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Fibroids

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Case Study Analysis: Uterine Fibroids
Victoria Moss
COMM/215
5/14/12
David Mumford

Case Study Analysis: Uterine Fibroids
Uterine fibroids develops in the muscular wall in the uterus are not malignant tumors or growth. Fibroids are found in women and are a type of growth not cancer. It is common in women who are between the ages of 25-45. Uterine fibroids are also called leionyomas or myomas. Fibroids do not cause problems when they remain small. They can grow inside and outside the uterus. Once the fibroids grow larger in size they can cause complications. Sometimes fibroids have grown large enough to fill the whole abdomen.
In African American women uterine fibroids exist more than in White women. Researching upon uterine fibroids it is not understood the causes and fibroids grow quicker in African American women. The female hormones estrogen and progesterone can increase or decrease throughout women's life. When a woman goes through menopause it decreases estrogen. When going through menopause fibroids tend to shrink. Birth control pills can cause fibroids to grow because it is a hormonal drug that contains estrogen.
Fibroids may cause some of these symptoms like changes in menstruation, heavy periods, and cramps. Vaginal bleeding other than menstrual cycle can cause anemia. Causes pain in the abdomen or lower back. It may inquire pain while acquiring sex or pressure when urinating. The uterus is enlarged, miscarriages, and infertility are other symptoms. When other symptoms occur you may have other problems. Sometimes fibroids may not show any signs. Fibroids can be found during yearly examination or during other tests.
A large fibroid can cause the abdomen to swell. When the abdomen is swollen it is hard to receive a complete pap smear. Fibroids in women can cause infertility. Sometimes women can become pregnant after their treatment. Not all women who have fibroids will get treated. If fibroids are not causing any problems why bother them. The doctor may recommend more exams to make sure the fibroids are not growing fast. There are medical treatments available to reduce heavy menstrual bleeding and often recommended before surgery.
Hormonal birth control includes the pill, the patch, the shot, vaginal ring, IUD, and implant. Using these treatments reduce cramping and bleeding. It may take a few months until the body adjusts. Some doctors advise women with heavy bleeding to take the hormonal pill. Hormonal intrauterine device (IUD) releases a hormone called progestin in a form of progesterone hormone into uterus. It prevents pregnancy and reduces menstrual bleeding up to five years. IUD is placed in the uterus. Implants prevent pregnancy and reduce menstrual bleeding up to three years. It is placed under the skin in upper arm. The shot called Depo-Provera is given once every three months to prevent pregnancy. The side effect is spotting during the first few months. Antifibrinolytic medicines work by helping blood to clot. The advantage of this medicine slows down bleeding quickly, but only take medicine a few days each month, and it does not keep a woman from conceiving. Nonsteroidal antiinflammatory drugs, such as Motrin or Alleve can be purchased over-the-counter, and do not need a prescription. Gonadotropin-releasing hormone agonists (GnRH) is an injection temporarily to shrink fibroids given once every three months.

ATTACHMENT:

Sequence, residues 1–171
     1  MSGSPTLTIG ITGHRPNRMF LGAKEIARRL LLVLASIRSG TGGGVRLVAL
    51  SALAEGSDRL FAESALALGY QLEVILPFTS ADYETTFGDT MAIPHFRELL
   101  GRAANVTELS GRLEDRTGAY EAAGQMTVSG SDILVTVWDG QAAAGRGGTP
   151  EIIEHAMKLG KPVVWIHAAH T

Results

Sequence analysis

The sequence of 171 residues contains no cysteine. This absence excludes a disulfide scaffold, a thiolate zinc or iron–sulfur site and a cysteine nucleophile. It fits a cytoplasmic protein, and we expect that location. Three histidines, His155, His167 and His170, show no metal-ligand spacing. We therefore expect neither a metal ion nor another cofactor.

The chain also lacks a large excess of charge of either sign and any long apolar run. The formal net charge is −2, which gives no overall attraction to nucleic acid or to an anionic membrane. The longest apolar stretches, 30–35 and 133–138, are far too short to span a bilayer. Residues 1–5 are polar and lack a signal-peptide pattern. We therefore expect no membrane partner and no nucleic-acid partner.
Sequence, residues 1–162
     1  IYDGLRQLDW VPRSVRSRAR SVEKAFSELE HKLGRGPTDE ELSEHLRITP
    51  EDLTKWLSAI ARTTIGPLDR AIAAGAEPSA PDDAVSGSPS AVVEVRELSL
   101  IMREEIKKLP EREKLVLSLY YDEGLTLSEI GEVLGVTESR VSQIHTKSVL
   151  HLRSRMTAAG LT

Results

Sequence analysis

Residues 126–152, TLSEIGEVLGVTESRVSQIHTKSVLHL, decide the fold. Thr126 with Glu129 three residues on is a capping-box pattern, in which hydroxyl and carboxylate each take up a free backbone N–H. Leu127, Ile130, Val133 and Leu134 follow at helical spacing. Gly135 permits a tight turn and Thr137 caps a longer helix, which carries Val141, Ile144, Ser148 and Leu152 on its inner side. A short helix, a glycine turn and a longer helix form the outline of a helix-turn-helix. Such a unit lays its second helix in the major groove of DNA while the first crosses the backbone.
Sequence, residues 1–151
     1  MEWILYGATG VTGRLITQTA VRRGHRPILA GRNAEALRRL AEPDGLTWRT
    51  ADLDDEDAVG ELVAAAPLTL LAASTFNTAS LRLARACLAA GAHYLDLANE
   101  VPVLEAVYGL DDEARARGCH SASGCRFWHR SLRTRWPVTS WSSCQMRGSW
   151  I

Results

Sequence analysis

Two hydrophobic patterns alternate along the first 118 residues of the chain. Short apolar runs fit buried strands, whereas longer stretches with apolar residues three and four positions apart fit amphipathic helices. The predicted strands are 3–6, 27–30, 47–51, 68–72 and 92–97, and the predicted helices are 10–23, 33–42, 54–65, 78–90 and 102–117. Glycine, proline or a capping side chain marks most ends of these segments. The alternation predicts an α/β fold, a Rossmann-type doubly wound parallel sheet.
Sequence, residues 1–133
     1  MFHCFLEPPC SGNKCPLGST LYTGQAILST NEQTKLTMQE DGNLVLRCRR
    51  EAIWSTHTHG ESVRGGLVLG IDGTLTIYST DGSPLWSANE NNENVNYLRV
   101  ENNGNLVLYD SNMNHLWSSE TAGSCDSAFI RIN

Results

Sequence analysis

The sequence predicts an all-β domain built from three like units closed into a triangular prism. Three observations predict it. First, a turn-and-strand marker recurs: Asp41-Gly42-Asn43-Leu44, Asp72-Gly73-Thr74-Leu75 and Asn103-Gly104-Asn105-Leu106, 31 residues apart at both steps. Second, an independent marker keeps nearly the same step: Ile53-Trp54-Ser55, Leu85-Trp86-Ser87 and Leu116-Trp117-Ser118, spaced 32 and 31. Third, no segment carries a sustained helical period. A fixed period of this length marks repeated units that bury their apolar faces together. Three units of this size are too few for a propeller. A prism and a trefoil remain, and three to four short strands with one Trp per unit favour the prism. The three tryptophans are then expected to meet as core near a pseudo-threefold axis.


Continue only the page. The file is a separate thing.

Some women refuse treatment because of their age. There are limited treatment options for women with the symptoms of pain and heavy bleeding. Fibroids can get smaller, grow at different growth rates and are exposed to the same hormones in the blood. For women with uterine fibroids they have an option of choosing between three different treatments and have improvements in their life.
The treatment options to choose from are hysterectomy, uterine artery embolization, and MRI-guided focused ultrasound is called noninvasive procedure; no incision required. The patient lies on her stomach for this procedure with the MRI machine, ultrasound waves pass through the skin creating heat to destroy the fibroids.
Fibroids lead to hysterectomy, which is a remedy of a surgical procedure to remove altogether or part of uterus. Hysterectomies in women occur in about 80% of women there are about 50% in African American women and about 30% in White women. Women with fibroids from the ages of 25 and 45 is 20% at risk of a hysterectomy 7% for black women.
The impact of health resources for fibroids has inquired controversy about the treatments for fibroids by using vaginal hysterectomy. The removal of the uterus and the ovaries partial or total is called a hysterectomy. The size of the fibroids depends on what method can be used. Hysterectomy is needed if pain continues, heavy bleeding, and large fibroids. When a woman gets a hysterectomy, she can no longer have children. Hysterectomy might be an option for a woman who is at the end of her reproductive years. It is also considered when the fibroids cause complications or uncomfortable symptoms. Hysterectomy is a permanent procedure. When a woman has not gone through menopause there is a risk of osteoporosis and heart disease.